The Compass: Official Newspaper of the Catholic Diocese of Green Bay
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April 14, 2000 Issue
Saint of the Day

An offer she couldn't refuse

St. Agnes of Montepulciano was so popular, they built a convent to bring her home

By Tony Staley
Compass Editor

In the world of sports, we are used to athletes jumping to a team that woos them with more money, a better stadium in which to perform, a more prominent role on the team or perhaps a better chance to make more money endorsing products.

And in the work-a-day world, it's perhaps even more common for people to accept a better offer from a competing company.

But how many of us think of similar things going on in the world of the saints? No, not that saints are leaving God to work for the other side, but that someone convinces them to accept a better offer.

That's what happened with St. Agnes of Montepulciano. This Italian saint was born in about 1268 in Gracchiano-Vecchio, Tuscany. When she was only nine, Agnes entered an austere convent at Montepulciano, where the nuns were popularly called the Sacchines because of the coarse material used in their habits.

A few years later, she was transferred, along with her novice mistress, Sr. Margaret, to a new convent at Procena. By the time Agnes was 15, she was chosen to become the abbess, which required Pope Nicholas IV to grant a special dispensation.

She proved to be a popular leader and before long, because of her reputation for sanctity and austerity, several postulants joined the community. For example, for 15 years, she lived on bread and water and slept on the ground, using a rock as a pillow.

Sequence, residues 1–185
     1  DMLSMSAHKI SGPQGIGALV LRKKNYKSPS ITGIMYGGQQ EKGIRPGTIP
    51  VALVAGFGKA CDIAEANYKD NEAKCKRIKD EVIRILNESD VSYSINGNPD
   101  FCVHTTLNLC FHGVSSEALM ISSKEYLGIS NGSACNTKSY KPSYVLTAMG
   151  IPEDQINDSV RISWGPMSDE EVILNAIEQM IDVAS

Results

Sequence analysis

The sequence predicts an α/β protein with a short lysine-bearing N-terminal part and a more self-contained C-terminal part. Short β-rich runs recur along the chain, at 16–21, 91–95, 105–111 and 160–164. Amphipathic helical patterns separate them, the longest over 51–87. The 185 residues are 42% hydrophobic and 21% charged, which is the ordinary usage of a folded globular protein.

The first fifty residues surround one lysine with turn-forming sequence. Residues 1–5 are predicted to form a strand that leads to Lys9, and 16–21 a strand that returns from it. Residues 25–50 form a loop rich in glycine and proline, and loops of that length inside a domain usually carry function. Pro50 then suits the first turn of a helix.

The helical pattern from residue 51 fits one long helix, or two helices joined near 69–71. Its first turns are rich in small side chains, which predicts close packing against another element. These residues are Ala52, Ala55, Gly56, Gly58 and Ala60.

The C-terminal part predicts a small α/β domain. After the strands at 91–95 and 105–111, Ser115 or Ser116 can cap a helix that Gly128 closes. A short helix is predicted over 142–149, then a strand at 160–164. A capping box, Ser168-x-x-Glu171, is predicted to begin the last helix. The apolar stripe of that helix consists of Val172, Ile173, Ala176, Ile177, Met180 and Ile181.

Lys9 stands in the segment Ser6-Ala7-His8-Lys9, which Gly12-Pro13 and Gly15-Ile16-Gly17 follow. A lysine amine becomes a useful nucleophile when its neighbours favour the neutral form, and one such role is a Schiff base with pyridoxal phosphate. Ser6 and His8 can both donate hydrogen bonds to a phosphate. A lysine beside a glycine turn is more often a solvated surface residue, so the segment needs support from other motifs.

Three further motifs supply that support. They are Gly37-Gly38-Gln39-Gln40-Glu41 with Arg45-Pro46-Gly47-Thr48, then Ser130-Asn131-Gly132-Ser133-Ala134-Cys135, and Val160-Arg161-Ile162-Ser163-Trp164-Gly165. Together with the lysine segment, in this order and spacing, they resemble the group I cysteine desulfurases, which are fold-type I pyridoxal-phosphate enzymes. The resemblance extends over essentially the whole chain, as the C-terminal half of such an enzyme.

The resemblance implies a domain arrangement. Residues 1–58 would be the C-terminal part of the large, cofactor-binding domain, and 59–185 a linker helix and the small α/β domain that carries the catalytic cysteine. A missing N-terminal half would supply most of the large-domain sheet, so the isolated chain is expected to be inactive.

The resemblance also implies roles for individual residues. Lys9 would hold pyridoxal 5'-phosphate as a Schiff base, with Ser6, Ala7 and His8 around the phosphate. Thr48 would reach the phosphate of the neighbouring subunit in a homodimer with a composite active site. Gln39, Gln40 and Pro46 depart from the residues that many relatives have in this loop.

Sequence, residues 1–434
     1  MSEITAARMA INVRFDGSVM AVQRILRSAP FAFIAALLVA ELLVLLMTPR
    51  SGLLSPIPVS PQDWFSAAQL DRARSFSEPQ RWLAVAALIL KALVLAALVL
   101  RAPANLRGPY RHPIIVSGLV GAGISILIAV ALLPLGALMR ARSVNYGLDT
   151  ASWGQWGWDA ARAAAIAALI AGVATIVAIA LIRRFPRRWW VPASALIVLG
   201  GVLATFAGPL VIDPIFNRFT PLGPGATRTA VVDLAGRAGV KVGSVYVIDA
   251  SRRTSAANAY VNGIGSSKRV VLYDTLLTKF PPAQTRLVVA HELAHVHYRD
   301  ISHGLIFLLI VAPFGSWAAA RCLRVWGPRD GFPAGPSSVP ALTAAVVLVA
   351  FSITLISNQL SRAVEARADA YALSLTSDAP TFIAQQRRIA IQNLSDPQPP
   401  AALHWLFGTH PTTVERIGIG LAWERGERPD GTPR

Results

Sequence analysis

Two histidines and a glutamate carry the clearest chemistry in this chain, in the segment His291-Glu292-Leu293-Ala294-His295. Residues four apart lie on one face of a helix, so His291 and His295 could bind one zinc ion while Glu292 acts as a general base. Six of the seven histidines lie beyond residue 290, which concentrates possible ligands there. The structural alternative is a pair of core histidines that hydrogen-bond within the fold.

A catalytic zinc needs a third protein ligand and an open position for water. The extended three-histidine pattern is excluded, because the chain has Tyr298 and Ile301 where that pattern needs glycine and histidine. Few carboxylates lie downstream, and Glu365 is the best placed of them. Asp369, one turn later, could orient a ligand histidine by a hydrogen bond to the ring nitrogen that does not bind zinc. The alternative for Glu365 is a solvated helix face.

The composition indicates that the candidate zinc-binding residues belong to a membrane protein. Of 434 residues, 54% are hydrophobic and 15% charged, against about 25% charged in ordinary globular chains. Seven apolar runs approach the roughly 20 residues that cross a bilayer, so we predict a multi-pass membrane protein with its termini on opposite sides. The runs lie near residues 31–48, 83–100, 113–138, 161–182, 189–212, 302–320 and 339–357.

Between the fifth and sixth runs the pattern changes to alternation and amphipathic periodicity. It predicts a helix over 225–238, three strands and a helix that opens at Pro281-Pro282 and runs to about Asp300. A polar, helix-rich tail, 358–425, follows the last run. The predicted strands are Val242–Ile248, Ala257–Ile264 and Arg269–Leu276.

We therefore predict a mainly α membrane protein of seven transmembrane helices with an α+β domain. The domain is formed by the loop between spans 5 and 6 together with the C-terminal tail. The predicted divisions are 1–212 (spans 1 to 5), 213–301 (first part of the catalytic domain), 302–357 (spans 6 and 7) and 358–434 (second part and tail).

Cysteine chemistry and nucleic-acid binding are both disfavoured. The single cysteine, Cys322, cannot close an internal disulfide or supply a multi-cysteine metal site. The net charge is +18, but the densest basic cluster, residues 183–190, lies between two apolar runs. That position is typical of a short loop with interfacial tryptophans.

Agnes was known for having visions - it's said that she received Communion from an angel and that she held the infant Jesus in her arms. She also could levitate and perform miracles.

By about 1300, the residents of Montepulciano decided they wanted Agnes back because of her fame. So they did the equivalent of what a city might do today to attract a sports team - they built a new convent on the site of several houses of ill repute and made her the prioress. The convent flourished under her rule.

She died at age 49 in 1317 at the Montepulciano convent, which she had placed under the Dominican rule. She was canonized in 1726. We celebrate her feast on April 20.

As we prepare to enter Holy Week in this Jubilee Year, it would be good to consider who we are yelling our "Hosannas" at - the Son of God or a pop idol.

Sources: Butler's Lives of the Saints, Dictionary of Saints and 365 Saints

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